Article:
Many of your favorite childhood friends also depended on strong verbs. Remember when the wild things “roared their terrible roars and gnashed their terrible teeth and rolled their terrible eyes?” Of course you remember. You remember so well that I don’t need to remind you that this passage comes from Maurice Sendak’s Where the Wild Things Are. Strong verbs cement themselves in your memory.

And there are descriptive verbs for every phase in your life, including your years practicing law. Legislation may falter in the House or sail through Congress. Plaintiffs malinger. Defendants plead. Witnesses mumble, squirm, and duck questions. Other questions elicit responses. Courts admonish. Companies don’t simply fail to disclose losses. They hide those losses. And those losses then propel companies into dangerous financial positions, where they teeter on the verge of bankruptcy.

Colorful verbs can bring passion to judicial opinions, as well. Consider Justice Stevens’s dissent in Citizens United. There, Stevens lamented that “the majority blazes through our precedents. . . .”  Citizens United v. Federal Election Com’n, 130 S. Ct. 876, 930 (2010) (Stevens dissenting).

Both life and the law happen in color so never settle for black and white verbs.

P.S. My book contains lots of strong verbs!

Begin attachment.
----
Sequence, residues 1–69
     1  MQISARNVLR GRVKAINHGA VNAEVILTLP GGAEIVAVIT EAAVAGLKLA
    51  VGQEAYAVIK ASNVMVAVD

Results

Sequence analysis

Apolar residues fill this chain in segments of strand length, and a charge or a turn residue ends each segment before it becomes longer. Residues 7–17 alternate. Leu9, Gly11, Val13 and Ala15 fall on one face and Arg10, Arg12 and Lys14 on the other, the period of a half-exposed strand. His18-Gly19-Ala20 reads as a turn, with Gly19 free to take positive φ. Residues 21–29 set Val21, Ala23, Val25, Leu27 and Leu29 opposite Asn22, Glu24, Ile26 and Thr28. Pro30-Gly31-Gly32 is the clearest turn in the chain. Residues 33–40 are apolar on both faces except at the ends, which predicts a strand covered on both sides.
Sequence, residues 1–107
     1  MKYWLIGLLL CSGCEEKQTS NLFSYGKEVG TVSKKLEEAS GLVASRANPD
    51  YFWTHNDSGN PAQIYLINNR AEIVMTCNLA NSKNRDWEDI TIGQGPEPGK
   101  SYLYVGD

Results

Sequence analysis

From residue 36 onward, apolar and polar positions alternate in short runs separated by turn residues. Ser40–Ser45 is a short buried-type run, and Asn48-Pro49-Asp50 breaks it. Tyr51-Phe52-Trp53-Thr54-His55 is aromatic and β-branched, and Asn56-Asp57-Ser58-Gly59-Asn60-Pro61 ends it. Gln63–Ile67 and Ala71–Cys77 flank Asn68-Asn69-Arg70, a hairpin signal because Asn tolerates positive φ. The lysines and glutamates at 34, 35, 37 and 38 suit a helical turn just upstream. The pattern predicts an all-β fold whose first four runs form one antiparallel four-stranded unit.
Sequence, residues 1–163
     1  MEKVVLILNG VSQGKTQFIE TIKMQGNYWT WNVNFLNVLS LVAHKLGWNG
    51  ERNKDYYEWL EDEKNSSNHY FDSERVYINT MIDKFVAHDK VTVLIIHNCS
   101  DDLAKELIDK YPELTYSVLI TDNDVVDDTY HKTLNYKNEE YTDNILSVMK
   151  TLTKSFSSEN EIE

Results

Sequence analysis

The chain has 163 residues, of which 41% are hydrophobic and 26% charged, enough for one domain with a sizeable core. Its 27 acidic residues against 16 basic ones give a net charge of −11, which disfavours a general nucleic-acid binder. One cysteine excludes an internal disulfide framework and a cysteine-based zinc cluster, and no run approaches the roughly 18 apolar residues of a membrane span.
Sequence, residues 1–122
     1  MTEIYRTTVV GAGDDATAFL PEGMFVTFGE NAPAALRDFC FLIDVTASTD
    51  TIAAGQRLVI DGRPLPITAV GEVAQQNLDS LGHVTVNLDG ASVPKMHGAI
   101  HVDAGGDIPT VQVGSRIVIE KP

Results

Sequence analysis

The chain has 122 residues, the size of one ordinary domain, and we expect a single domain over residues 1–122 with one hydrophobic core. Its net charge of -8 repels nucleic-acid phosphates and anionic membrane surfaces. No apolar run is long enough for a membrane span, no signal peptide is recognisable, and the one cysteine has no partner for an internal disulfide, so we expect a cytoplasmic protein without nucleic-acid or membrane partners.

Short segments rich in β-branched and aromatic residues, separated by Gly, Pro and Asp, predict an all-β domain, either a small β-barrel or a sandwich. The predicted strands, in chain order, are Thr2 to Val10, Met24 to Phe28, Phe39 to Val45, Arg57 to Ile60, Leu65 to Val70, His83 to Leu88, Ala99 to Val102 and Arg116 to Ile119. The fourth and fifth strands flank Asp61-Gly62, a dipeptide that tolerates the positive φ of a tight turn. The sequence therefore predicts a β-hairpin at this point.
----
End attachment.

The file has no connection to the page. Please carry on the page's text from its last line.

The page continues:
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His or Her? Avoid the Gender Minefield by Using Plurals.

Posted: April 24th, 2012 | Author: | Filed under: Grammar, Punctuation, and Usage, Plain English: Tips | Tags: , , | No Comments »

It’s hard isn’t it? As lawyers, we don’t always know the gender of the person we are writing about or we are writing about abstract issues that could apply to anyone—male or female. His sounds sexist and it is inaccurate where you don’t know the gender. Her sounds a little too political. His or Her is more accurate than either word alone, but it still sounds awkward and technical.

You can avoid the gender minefield by using plurals. Rewrite A student may leave his or her books on the tables as Students may leave their books on the tables.

And never use his/her. His/her fails the test for plain English because it is not even pronounceable.